Perhaps the easiest way to achieve this would be to remove the peculiar emphasis which marriage law in England and Wales places on venues. Tying the legal status of a marriage to the building where it takes place drastically limits where most people can get married and results in inequality. There are far fewer approved civil marriage venues than religious ones (and by extension, far fewer places where same-sex couples can marry), while Jews and Quakers can get married almost anywhere they want. Switching from a building-based system to a celebrant-based one, similar to that in Scotland, would help to reduce these inequalities and complexities.
It so happens that some experts principally interested in the problem of unregistered Islamic 'marriages' are calling for the same thing. Patrick Nash, of the University of Cambridge, has said reforming marriage law "for greater choice within a simpler legal structure" is a more attractive alternative to other solutions, including the criminalisation of unregistered religious 'marriages'.
In Cohabitation and Religious Marriage, a collection of academic essays published earlier this year, Nash says that a legal requirement to pre-register nikah would be unlikely to work. This is because Muslim couples are more concerned with the "religious dimension" of nikah and find a separate civilly-registered ceremony "neither convenient nor attractive".
The same reasons could also apply to Pagans who choose to be handfasted but not legally married. Nash points to flaws in the building-focused marriage system in England and Wales, saying there is little demand for legally-binding ceremonies in mosques officially registered for marriage.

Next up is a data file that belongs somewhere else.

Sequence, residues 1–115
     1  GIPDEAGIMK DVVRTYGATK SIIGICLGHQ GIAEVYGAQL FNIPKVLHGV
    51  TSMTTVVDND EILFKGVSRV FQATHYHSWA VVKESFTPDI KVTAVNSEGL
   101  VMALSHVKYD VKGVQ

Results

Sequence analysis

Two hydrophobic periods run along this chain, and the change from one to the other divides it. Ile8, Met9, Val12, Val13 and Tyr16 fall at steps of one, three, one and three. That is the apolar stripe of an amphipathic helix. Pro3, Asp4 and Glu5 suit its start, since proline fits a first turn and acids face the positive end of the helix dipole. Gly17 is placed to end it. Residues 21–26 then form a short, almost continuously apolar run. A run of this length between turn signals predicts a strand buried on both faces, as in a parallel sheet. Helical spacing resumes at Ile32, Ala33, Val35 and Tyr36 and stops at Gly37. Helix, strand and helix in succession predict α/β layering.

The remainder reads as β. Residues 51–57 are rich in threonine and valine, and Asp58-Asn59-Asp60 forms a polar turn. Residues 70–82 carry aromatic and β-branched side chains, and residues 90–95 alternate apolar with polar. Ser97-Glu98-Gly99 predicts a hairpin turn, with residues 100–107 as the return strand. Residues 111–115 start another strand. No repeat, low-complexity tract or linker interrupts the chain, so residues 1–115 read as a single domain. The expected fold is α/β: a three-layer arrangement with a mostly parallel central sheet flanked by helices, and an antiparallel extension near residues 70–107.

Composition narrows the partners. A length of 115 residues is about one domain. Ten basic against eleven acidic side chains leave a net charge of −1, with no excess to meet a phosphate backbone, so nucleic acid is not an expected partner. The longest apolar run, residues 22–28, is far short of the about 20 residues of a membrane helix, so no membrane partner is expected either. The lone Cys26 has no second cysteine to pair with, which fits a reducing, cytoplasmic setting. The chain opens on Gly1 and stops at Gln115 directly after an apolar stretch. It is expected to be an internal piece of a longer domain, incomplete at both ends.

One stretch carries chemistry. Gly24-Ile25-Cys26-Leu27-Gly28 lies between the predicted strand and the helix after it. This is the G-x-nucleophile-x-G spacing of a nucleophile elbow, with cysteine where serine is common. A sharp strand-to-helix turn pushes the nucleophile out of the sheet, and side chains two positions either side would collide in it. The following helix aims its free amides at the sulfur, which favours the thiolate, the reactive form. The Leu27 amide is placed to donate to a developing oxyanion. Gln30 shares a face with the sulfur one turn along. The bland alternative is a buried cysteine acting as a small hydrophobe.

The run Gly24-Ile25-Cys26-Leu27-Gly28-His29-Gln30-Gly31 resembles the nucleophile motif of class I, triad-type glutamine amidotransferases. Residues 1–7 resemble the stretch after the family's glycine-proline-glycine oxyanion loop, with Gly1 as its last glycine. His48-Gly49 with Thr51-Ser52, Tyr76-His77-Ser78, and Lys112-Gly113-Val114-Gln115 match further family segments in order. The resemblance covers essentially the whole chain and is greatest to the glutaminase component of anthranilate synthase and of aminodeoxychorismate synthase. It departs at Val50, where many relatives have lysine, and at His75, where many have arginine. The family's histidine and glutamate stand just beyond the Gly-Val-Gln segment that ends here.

Instead, Nash proposes a "celebrant-based system with the bare minimum of formalities". He notes that in Scotland there are no known issues of unregistered nikah and reportedly no sharia councils, and that Scottish mosques have "a more symbiotic relationship" with Scots law. "British Muslims are far more likely to make use of English law if it is straightforward, inexpensive and convenient," Nash says.
To further disincentivise unregistered nikah, Nash proposes underpinning this model with a "tightly defined" criminal offence targeting celebrants who deceive or pressure someone into an unregistered 'marriage'. On the issue of polygamy, Nash suggests utilising the definition of marriage already used specifically in relation to forced marriage, which includes non legally-binding religious marriages.
That Nash's proposals largely align with the NSS's vision for one marriage law for all is perhaps not surprising. As religion and belief diversity in the UK increases, old legislation originating from the historic dominance of Christianity (and the Church of England in particular) in society will become increasingly incompatible with the lives of UK citizens.
Secularism offers liberal, equitable, progressive and 'common sense' ways for a diverse society to function. For that reason, I expect we will encounter more and more issues where the best solutions to complex dilemmas concerning religion and society turn out to be secular ones.
You can read Patrick Nash's argument within the book Cohabitation and religious marriage: Status, similarities and solutions, published by Bristol University Press.
Civitas's report is available on its website.